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Some 1,500 Israelis from around the country are set to tour Samaria on Wednesday, Tu Bishvat, as part of a special program organized by Samaria residents to introduce more Israelis to a part of the country they may have been reluctant to visit. The project, sponsored by the Samaria Regional Council, has so far brought thousands of Israelis to the region.

Among those scheduled to visit on the Tu Bishvat tour are heads of the workers committees of some of the largest industrial and service organizations in Israel. In addition, some 600 Likud members, as well as graduates of Israeli youth movements, veterans of pre-state fighting groups such as Irgun, and new immigrants and students from the U.S., England, and France will be visiting as well.

The highlight of the day will be a visit by the group to Itamar, where they will plant over 1,000 trees at the Mishkan Ehud synagogue, which is currently under construction. The synagogue is being built in memory of the Fogel family, five of whose members were killed in Itamar in a terror attack last year. Tu Bishvat the “New Year for Trees” in Jewish tradition, is a popular day for tree-planting in Israel.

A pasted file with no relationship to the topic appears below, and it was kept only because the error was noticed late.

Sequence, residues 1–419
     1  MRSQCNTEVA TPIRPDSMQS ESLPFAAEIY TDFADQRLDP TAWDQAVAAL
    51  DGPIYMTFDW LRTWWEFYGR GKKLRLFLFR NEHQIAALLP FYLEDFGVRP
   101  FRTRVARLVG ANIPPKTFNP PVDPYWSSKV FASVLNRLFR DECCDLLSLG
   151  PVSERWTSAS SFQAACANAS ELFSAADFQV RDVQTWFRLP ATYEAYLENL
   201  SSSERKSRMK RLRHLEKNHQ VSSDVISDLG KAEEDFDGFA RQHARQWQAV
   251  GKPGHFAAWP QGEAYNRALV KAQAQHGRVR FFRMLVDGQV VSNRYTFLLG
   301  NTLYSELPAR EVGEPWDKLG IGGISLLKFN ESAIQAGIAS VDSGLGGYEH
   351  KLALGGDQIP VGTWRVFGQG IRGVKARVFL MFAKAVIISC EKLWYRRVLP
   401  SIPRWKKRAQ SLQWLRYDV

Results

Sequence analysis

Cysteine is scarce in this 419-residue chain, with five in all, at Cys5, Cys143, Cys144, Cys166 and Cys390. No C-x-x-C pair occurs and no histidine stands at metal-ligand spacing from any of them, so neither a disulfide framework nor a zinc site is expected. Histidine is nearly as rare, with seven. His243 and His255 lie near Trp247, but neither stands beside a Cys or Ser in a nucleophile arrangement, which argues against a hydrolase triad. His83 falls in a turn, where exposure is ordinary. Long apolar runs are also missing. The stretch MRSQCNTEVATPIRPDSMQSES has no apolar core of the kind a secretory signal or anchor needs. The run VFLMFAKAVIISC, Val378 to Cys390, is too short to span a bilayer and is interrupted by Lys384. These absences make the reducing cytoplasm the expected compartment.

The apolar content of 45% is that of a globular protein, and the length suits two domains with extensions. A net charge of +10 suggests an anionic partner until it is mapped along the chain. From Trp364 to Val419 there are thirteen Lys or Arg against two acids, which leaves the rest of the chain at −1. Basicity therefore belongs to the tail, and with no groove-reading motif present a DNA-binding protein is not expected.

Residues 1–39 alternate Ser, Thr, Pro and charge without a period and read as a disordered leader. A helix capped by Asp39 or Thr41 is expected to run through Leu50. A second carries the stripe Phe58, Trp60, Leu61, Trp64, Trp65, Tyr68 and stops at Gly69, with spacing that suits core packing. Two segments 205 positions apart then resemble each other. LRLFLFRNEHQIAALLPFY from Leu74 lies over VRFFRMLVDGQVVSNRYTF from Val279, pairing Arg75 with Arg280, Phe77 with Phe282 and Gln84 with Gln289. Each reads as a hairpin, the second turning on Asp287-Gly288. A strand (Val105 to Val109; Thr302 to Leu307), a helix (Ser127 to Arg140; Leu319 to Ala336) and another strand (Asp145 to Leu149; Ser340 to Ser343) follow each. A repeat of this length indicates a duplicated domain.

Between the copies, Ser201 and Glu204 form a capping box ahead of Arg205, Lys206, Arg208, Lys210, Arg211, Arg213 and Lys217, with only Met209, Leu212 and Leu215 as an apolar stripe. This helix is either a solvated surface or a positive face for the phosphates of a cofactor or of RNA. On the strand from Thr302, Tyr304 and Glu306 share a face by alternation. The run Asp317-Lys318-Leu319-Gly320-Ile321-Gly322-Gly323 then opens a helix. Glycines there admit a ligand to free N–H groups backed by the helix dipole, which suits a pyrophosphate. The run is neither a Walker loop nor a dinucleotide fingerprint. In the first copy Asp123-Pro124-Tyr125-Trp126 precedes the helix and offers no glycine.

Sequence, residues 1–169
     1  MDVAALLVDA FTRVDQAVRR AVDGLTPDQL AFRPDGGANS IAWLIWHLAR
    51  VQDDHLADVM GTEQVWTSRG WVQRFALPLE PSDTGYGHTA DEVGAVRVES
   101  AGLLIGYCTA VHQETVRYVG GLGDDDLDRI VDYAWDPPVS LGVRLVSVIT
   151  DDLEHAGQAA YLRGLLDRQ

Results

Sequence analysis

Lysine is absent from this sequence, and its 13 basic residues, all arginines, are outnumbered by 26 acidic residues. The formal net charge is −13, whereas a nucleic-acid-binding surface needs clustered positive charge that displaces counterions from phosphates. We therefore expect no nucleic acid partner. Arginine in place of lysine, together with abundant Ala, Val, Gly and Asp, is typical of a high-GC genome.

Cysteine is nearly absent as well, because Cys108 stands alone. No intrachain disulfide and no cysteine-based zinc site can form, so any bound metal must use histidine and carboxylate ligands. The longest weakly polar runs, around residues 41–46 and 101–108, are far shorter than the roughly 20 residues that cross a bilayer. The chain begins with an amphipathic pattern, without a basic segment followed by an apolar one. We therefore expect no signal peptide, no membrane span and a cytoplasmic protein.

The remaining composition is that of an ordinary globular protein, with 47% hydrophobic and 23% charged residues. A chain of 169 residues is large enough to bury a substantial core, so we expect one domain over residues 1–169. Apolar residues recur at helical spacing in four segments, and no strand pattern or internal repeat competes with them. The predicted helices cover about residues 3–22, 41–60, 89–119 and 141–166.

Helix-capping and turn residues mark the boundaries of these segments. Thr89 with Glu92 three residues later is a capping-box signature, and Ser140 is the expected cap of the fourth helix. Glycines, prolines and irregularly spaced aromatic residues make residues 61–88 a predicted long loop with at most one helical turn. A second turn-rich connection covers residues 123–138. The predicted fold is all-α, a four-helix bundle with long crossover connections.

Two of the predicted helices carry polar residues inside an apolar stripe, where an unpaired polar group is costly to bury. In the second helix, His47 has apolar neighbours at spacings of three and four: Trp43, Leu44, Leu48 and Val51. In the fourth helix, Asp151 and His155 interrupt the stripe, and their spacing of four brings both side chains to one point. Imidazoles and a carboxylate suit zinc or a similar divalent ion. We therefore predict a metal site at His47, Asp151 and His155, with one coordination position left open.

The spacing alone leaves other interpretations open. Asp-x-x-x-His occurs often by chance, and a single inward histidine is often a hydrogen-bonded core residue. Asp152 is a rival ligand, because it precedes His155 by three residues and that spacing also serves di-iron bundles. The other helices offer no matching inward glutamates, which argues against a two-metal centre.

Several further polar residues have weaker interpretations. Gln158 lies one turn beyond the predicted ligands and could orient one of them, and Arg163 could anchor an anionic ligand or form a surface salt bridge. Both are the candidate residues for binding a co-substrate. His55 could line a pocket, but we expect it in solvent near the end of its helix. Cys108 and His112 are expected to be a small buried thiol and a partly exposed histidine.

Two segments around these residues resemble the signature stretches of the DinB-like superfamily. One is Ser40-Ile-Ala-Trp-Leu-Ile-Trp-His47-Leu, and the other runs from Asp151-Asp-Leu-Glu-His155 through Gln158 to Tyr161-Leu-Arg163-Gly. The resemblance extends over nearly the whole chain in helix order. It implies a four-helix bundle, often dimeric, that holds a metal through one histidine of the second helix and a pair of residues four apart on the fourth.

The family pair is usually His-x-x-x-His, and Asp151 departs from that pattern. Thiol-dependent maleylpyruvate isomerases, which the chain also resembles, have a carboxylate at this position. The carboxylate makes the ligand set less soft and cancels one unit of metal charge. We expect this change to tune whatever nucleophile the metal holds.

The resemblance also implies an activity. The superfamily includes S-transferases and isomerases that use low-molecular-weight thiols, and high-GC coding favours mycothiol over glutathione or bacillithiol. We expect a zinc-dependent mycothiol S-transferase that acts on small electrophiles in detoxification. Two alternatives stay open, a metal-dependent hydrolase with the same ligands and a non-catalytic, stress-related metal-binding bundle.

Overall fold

Mati Yitzchak is head of the Rosh Ha'ayin chapter of the Likud, and over 100 members of his chapter have signed up for the trip. Yitzchak said that far from fearing to venture into an area that many Israelis are afraid to visit, “we see it as our responsibility and privilege to to build up an area that is so important strategically and geographically.”

Samaria Council head Gershon Mesika said that “we welcome all visitors to Samaria. One of the lessons of the destruction of Gush Katif is that ignorance is the great enemy of settlement. Most Israelis have never been in Judea and Samaria, and incitement against the Jewish towns in the region is only possible because of this ignorance. So far we have conducted over 350 tours for journalists, writers, and politicians in Samaria,” he added.

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